Questions 51 to 55 are based on the following passage.

Directions: There are 2 passages in this section, Each passage is followed by some questions or unfinished statements. For each of them there are four choices marked A), B), C) and D). You should decide on the best choice and mark the corresponding letter on Answer Sheet 2 with a single line through the centre.

If you were like most children, you probably got upset when your mother called you by a sibling's(兄弟姐妹的)name. How could she not know you? Did it mean she loved you less?

Probably not. According to the first research to tackle this topic head-on, misnaming the most familiar people in our life is a common cognitive(认知的)error that has to do with how our memories classify and store familiar names.

The study, published online in April in the journal Memory and Cognition, found that the "wrong" name is not random but is invariably fished out from the same relationship pond: children, siblings, friends. The study did not examine the possibility of deep psychological significance to the mistake, says psychologist David Rubin, "but it does tell us who's in and who's out of the group."

The study also found that within that group, misnamings occurred where the names shared initial or internal sounds, like Jimmy and Joanie or John and Bob. Physical resemblance between people was not a factor. Nor was gender.

The researchers conducted five separate surveys of more than 1,700 people. Some of the surveys included only college students; others were done with a mixed-age population. Some asked subjects about incidents where someone close to them—family or friend—had called them by another person's name. The other surveys asked about times when subjects had themselves called someone close to them by the wrong name. All the surveys found that people mixed up names within relationship groups such as grandchildren, friends and siblings but hardly ever crossed these boundaries.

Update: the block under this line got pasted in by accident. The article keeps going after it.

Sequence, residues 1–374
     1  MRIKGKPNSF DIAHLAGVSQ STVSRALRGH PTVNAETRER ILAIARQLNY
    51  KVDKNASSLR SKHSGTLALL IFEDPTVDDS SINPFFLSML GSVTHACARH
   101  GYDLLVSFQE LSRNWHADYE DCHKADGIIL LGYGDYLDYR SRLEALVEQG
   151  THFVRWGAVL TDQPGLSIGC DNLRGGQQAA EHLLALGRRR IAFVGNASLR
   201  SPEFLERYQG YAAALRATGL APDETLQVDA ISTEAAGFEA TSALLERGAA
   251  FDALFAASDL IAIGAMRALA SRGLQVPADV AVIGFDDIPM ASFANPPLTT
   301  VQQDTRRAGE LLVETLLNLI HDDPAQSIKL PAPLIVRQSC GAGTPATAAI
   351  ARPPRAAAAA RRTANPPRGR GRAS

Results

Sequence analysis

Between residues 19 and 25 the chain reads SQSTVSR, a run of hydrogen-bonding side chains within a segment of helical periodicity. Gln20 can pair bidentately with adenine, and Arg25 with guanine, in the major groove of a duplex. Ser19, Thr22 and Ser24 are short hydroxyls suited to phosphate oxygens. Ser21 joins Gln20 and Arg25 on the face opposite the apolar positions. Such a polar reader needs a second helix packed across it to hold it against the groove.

In general, the study found that undergraduates were almost as likely as old people to make this mistake and men as likely as women. Older people and this mistake and men as likely as women. Older people and women made the mistake slightly more often, but that may be because grandparents have more grandchildren to mix up than parents have children. Also, mothers may call on their children more often than fathers, given traditional gender norms. There was no evidence that errors occurred more when the misnamer was frustrated, tired or angry.

  • 51. How might people often feel when they were misnamed?
  • A Unwanted.
  • B Unhappy.
  • C Confused.
  • D Indifferent.
  • 52. What did David Rubin's research find about misnaming?
  • A It is related to the way our memories work.
  • B It is a possible indicator of a faulty memory.
  • C It occurs mostly between kids and their friends.
  • D It often causes misunderstandings among people.
  • 53. What is most likely the cause of misnaming?
  • A Similar personality traits.
  • B Similar spellings of names.
  • C Similar physical appearance.
  • D Similar pronunciation of names.
  • 54. What did the surveys of more than 1,700 subjects find about misnaming?
  • A It more often than not hurts relationships.
  • B It hardly occurs across gender boundaries.
  • C It is most frequently found in extended families.
  • D It most often occurs within a relationship groups.
  • 55. Why do mothers misname their children more often than fathers?
  • A They suffer more frustrations.
  • B They become worn out more often.
  • C They communicate more with their children.
  • D They generally take on more work at home.